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					                                   PRACTITIONER REPORT

                                The Problem of Licensure Mobility

                                  Ronald F. Levant, Ed.D., ABPP

                                   Nova Southeastern University

                                     APA Recording Secretary



       Psychologists seeking to obtain a license in another state, whether for purpose of

relocation, for a multi-state practice, or for engaging in tele-health, might find themselves facing

a real nightmare. The Board of Psychology in the new state might ask the psychologist to jump

over many hurdles, such as producing notarized supervision forms, when some of the supervisors

have retired or passed on. As former APA President Pat DeLeon (2000) has observed, “few

psychologists realize how difficult it is to get relicensed in a new state.”

       The problem arises because each state determines the qualifications for professional

licensure. By 1977, all states had enacted a psychology licensure law, however with a great deal

of variation in the requirements. The APA Practice Directorate, using the APA Model Licensure

law, has attempted to reduce some of this variation in order to promote mobility. However, many

variations remain.

        Other professions have addressed this problem. The National Council of State Boards of

Nursing has endorsed a model based on the driver’s license, in which mechanisms exist for

mutual recognition and reciprocity. Licensure is recognized across state lines, with the nurse

subject to the laws and rules of the new state. So too, the pharmacists facilitate mobility through

uniform licensure requirements and a clearinghouse program which transfers the pharmacists

license to the new state, verifying background information and screening for disciplinary actions.
        APA has been attempting to address this problem. The APA Council of Representatives

at the February 2001 meeting gave formal approval to an ongoing strategic plan developed by

the Committee for the Advancement of Professional Practice (CAPP) for helping to provide a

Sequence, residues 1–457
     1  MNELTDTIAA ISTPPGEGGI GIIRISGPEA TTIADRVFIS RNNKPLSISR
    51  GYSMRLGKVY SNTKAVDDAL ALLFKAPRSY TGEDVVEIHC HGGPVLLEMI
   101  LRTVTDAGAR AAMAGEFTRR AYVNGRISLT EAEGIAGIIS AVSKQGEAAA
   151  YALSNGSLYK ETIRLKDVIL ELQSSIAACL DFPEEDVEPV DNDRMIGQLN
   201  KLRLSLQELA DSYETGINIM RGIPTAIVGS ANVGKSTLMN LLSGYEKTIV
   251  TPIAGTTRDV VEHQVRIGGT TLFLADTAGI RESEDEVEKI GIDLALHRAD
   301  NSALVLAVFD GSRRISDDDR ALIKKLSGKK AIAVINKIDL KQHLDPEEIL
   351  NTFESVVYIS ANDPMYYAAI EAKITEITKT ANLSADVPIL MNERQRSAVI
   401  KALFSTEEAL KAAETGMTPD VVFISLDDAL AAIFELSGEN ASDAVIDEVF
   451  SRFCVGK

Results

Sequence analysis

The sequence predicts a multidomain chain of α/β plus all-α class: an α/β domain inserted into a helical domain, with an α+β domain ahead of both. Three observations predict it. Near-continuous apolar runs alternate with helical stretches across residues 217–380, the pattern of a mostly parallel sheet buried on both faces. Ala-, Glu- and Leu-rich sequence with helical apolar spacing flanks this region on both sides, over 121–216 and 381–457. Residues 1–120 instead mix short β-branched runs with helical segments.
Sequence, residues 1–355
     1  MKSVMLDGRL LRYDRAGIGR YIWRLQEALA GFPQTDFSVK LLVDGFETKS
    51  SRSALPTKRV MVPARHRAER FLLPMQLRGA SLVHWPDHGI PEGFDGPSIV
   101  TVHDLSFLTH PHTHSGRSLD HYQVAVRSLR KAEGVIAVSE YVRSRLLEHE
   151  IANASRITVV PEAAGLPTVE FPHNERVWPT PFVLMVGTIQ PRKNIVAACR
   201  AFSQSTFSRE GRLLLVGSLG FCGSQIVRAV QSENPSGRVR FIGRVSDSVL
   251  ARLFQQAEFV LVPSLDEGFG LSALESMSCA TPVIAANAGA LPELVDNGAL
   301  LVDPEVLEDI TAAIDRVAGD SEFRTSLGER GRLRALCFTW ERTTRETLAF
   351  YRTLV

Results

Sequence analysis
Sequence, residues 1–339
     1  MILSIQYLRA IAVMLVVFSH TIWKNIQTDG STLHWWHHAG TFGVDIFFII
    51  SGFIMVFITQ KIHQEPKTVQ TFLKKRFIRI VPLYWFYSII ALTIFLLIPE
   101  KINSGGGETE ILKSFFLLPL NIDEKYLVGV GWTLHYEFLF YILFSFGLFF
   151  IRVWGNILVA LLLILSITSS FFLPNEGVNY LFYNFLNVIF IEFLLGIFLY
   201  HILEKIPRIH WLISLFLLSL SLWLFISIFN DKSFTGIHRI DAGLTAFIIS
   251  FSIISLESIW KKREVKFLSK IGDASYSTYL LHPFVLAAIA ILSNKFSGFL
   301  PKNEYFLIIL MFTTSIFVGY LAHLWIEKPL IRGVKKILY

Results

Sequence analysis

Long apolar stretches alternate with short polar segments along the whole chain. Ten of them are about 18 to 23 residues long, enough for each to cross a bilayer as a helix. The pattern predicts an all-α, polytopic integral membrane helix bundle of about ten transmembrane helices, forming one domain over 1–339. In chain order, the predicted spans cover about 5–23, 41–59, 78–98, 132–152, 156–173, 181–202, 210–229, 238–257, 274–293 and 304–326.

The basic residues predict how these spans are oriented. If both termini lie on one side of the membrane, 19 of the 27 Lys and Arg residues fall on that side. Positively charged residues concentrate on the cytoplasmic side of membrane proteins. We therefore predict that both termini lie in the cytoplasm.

climate within which existing mechanisms for professional mobility can continue to develop.

        CAPP, at Council’s request, had been implementing a strategic plan to provide a supportive

environment for giving visibility to the existing mechanisms for professional mobility available

through the National Register of Health Service Providers in Psychology (National Register), the

Association of State and Provincial Psychology Boards (ASPPB), and the American Board of

Professional Psychology (ABPP). CAPP conducted programs at the annual State Leadership

Conference, disseminated invited articles to state and provisional psychological association

newsletters, and took other strategic actions.   In February, Council approved the continuation of

this plan, and as a result, additional articles on the status of the various mobility mechanisms have

been, and will continue to be published, as appropriate, in APA and Practice Directorate

publications (e.g., Smith, 2001, Sullivan, 2000-01), additional conference programs will be

arranged, and meetings among parties of interest will be facilitated. In addition, the author and Jay

Benedict, Associate Editors of the journal, Professional Psychology: Research and Practice, are

preparing a special section on this issue..

Background

        The information in this section of the column has been drawn from various APA

governance documents. In February 2000 Council suspended its rules and approved a new

business item, titled “Reciprocity of Licensure Among States”, introduced by Dr’s. Carol

Goodheart, Ron Levant, and 20 other Council Representatives. This item affirmed that the

attainment of reciprocity of licensure and other mechanisms for professional mobility are

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urgently needed. It directed CAPP, as the lead group, and BPA to work in collaboration with

ASPPB to develop a plan to achieve this goal.

       In March, 2000, CAPP and the Practice Directorate made time available before the start

of the State Leadership Conference for representatives of state psychology licensing boards and

state psychological associations to meet to discuss mobility, in a forum coordinated by ASPPB.

This was the second consecutive year for this particular forum.

       At its meeting later in March, 2000, CAPP discussed the Council item and decided to

convene a conference call among representatives of CAPP, BPA, and ASPPB to determine what

would be most helpful in promoting mobility. This call took place in June, 2000. It highlighted

several relevant issues, including the type of support that APA could provide, the potential

implications of technology changes and tele-health for licensure, and the recognition that other